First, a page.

Don’t Fight Friends
Wednesday: Seventh week of the Year May 18, 2016
Mark 9:38-40. Year I: Sirach 4:11-19; Psalm 119:165-175; Year II: James 4:13-17; Psalm 49:2-11
Probably most fights start over issues of property, power and prestige. But there is also something in us that makes us see anyone who is different as a threat.
A sociologist once asked his class to make two columns listing “Them” and “Us.” In the “Us” column, no one included “the human race.” Jesus would have.
John, whom Jesus nick-named “Son of Thunder (Mark 3:17), said to Jesus, “Teacher, we saw someone casting out demons in your name, and we tried to stop him, because he was not following us.” John didn’t look at what the man was doing — the fact he was “casting out demons” — but just at the fact he didn’t officially group with the disciples. John wanted to stop him from giving people the impression that he had any relationship with Jesus. Jesus said not to stop him. Then he taught another fundamental principle that Christians, with most other people in the world, have yet to accept: “Whoever is not against us is for us.”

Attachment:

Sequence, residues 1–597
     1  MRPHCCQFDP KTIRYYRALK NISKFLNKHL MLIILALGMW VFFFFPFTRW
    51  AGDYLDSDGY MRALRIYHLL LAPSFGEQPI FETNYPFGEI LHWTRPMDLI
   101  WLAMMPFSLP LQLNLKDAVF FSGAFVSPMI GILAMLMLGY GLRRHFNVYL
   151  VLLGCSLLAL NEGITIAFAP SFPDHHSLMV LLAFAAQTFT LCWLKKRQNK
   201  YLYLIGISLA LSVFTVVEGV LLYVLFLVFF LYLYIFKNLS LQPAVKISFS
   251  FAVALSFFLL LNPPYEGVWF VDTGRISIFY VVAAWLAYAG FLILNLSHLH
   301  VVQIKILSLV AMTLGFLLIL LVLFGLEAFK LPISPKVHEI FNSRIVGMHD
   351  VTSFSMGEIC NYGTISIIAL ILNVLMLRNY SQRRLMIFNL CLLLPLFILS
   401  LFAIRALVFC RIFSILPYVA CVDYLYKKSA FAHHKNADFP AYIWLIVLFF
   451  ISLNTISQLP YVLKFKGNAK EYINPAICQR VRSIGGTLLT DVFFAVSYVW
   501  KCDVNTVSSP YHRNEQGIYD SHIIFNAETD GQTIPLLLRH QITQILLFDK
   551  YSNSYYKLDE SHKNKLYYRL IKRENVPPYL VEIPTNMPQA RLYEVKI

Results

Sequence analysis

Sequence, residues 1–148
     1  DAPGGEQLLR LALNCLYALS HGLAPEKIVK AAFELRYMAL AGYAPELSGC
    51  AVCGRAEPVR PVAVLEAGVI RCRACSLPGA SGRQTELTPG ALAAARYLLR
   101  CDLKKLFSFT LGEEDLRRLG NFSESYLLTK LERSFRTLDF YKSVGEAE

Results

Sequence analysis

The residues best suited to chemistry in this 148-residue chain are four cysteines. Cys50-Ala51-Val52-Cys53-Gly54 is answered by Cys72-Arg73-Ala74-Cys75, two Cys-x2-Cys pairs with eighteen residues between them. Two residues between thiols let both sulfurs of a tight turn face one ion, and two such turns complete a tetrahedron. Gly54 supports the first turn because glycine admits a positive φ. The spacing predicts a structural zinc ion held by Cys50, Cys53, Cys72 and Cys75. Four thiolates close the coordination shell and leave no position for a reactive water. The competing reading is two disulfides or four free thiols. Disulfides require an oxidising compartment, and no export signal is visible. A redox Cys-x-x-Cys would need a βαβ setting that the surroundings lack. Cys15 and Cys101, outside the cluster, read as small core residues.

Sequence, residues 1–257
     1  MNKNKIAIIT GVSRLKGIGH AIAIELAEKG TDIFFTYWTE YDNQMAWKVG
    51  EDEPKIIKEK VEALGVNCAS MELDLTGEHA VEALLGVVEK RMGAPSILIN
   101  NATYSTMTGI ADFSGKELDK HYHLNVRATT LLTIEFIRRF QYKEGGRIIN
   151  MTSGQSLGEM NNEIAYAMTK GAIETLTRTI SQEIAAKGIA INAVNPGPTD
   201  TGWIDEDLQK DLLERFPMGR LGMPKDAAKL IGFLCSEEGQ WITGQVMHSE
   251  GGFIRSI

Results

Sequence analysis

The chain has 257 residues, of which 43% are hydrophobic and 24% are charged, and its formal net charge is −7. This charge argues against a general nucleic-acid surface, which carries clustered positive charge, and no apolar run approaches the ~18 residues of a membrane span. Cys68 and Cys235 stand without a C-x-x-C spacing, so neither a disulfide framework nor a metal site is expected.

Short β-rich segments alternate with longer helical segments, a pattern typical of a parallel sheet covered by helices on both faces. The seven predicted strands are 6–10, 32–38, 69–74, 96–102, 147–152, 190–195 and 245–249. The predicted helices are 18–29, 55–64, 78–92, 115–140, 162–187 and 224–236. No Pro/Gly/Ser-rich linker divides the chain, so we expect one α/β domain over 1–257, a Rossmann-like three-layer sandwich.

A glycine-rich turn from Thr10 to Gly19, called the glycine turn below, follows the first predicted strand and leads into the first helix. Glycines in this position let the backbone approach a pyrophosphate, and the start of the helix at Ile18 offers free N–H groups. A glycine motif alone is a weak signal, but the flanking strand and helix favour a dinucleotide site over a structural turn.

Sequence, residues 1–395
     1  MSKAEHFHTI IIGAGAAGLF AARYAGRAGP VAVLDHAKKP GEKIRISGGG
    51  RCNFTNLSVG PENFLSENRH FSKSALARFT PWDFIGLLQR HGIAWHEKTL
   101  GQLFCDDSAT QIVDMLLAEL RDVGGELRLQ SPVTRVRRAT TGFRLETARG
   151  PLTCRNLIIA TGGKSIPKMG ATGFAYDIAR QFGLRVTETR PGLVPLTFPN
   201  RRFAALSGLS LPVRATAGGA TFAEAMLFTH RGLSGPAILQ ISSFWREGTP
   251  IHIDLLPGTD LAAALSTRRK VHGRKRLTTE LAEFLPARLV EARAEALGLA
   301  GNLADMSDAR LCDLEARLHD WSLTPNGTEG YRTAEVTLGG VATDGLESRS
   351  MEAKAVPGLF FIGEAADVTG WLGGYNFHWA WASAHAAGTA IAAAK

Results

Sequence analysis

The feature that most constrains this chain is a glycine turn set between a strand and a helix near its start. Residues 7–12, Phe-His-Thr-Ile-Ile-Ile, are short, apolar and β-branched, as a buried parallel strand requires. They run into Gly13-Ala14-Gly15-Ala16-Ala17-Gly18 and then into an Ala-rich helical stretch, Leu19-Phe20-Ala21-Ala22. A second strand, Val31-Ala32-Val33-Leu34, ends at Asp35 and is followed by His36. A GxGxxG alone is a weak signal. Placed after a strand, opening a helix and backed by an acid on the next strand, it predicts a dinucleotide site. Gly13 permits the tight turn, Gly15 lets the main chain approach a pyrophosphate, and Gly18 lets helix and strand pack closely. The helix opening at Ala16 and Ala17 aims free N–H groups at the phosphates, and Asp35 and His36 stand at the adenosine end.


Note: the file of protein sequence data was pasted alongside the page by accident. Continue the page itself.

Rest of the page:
Jesus sees an ally in everyone not identified as an enemy. Christians take sides against other Christians: Catholics vs Protestants, “conservatives” vs “liberals,” Latin-Massers vs those who embrace the reformed liturgy, strict rule-keepers vs those free to adapt. When is this a legitimate, or even necessary, defense of truth, and when is it sinfully divisive?
Jesus did not forbid disagreement but hostility; argument can be simply inquiry. There is nothing wrong with arguing, so long as we accept each other and do not go to war against sincerity. The Pharisees who questioned Jesus did not wait for answers or respond when he gave them. They were just against him.
Jesus told us to weigh results. “You will know them by their fruits. Are grapes gathered from thorns?” (Matthew 7:16). If people are “casting out demons,” they are not people we want to cast out, even if they are partially in error. Not, at least, if they are “for us” in what we are basically trying to do. Jesus said God will reward anyone who “gives you a cup of water because you bear the name of Christ” (Mark 9:41). Why should we not be grateful for all who accept us as believers and accept them in return?
One thing we can always do is pray together. And share our experiences of God. We can simply not focus on doctrinal differences until we know we are united in heart. This lets the Spirit act.
Initiative: Give God’s life: Pray together before you argue. You may find you don’t need to argue.